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Social Media & The Law – 11 Things You Need to Know Now

Social Media & The Law – 11 Things You Need to Know Now | Latest Technology | Scoop.it
At TopRank Online Marketing, our Monday mornings are usually filled with lots and lots of coffee, the clicking and clacking of keyboards being furiously typed

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Hanin Abu Al Rub's curator insight, October 6, 2013 4:32 AM
Here its Sundays... ;)
Jillian Zuber's comment, October 8, 2013 9:18 PM
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robyns tut's curator insight, October 14, 2013 5:27 PM

It is important to know the laws when it comes to social media and the internet as it is still relatively new and so we need to be informed about what we can and can't do. It is also important to know these things as most people have not realised the implications of online plagarism and insults towards others. All users of social media and the internet should read this article. - Sara

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A healthcare innovator's guide to must-know tech terms for the next decade of medicine

A healthcare innovator's guide to must-know tech terms for the next decade of medicine | Latest Technology | Scoop.it

Electronic medical records. DNA sequencing. Big data. These technology trends are changing the way medicine is practiced today — but what’s coming next?

 

From artificial intelligence to natural language to processing to MEMS, here are some technologies that will change the future of healthcare.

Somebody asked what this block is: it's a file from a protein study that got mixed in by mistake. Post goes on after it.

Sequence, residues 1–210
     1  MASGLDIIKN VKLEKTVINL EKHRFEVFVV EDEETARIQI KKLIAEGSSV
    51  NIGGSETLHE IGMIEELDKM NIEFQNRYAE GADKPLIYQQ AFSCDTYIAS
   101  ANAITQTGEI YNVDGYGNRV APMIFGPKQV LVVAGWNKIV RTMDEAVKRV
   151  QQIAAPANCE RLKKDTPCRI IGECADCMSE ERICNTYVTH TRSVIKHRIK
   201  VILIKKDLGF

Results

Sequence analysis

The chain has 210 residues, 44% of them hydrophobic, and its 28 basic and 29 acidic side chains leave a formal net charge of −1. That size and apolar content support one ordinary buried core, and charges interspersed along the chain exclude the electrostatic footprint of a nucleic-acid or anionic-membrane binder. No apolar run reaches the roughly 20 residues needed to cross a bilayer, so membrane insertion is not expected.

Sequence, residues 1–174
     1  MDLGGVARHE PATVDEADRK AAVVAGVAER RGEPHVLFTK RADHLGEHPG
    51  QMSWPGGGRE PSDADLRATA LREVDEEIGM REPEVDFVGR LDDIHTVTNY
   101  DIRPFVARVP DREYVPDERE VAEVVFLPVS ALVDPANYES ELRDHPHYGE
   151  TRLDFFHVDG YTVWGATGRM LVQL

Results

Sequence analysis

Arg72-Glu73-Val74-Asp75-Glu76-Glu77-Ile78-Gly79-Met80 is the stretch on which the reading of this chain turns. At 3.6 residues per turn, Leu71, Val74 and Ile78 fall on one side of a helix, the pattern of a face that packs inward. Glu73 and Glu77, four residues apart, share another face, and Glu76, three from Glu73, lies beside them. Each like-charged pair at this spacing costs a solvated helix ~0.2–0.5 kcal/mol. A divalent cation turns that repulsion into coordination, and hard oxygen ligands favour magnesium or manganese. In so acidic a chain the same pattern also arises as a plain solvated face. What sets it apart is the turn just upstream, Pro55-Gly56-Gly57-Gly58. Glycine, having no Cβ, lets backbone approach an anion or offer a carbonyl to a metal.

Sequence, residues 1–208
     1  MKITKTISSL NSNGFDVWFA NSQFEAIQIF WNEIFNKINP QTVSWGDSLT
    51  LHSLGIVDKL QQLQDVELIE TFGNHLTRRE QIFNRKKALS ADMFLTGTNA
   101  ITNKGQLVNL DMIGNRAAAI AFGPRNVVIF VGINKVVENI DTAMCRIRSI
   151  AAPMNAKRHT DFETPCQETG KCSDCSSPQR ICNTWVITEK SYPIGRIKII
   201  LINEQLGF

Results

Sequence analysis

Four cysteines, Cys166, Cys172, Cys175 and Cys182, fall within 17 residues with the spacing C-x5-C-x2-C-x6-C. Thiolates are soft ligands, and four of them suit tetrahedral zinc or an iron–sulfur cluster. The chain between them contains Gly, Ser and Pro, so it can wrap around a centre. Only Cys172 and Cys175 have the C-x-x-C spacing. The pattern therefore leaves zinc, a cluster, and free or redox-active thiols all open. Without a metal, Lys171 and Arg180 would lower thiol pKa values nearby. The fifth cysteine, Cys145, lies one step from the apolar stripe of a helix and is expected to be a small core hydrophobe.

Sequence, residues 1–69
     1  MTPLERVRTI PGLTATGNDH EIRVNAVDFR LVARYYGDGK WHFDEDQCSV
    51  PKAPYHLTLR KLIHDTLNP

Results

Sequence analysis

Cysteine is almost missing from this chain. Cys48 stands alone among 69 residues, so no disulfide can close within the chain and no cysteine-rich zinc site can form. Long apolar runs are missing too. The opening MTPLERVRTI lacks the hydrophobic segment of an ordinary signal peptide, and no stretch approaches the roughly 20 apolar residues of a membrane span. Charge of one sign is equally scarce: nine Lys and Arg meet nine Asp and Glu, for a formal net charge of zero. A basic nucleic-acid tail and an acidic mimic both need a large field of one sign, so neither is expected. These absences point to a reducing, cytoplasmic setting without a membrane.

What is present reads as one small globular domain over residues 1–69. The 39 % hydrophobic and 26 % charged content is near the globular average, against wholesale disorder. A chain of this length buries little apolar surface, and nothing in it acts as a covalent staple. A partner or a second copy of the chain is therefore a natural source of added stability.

Artificial intelligence/algorithm medicine

Predictive analytics tools that use data to help healthcare administrators identify high-risk patients and make efficient decisions are already in place in many hospitals. Now companies are developing decision support tools for clinicians that compare an individual patient’s data to large amounts of historical outcomes data.

 

Internet of things

This concept takes remote patient monitoring to the next level, involving multiple connected devices that can coordinate with each other through a wireless network without human intervention. Sharp, who’s in charge of clinical informatics research at Cleveland Clinic, says hospitals have just scratched the surface of this with smart infusion pumps and RFID tagging. “There’s potential for a lot of these things to talk to each other and raise alerts when something is out of whack, and potentially even detect infections,” he said.

 

MEMS

Short for micro electro mechanical systems, MEMS involves the use of miniaturized sensors, actuators and electronics that are smaller than the thickness of a human hair. Such technology has already penetrated the research market, with speedier, more precise tools for biologists and chemists. Now companies like CardioMems and MicroCHIPS are working on commercial implantable devices that can transmit data outside of the body for clinical use. However, regulation remains a big question here.

 

Wearable medical devices

We’re not just talking about the fitness bands you wear around your wrist. We’re talking flexible electronics — lightweight, portable sensors that could be, for example, adhered to the skin to collect biometric data. Or swallowable (not technically wearable, but it’s the same idea) smart pills that let clinicians know when patients aren’t taking their medications. The hope is that these devices could help patients and clinicians manage chronic diseases.


Natural language processing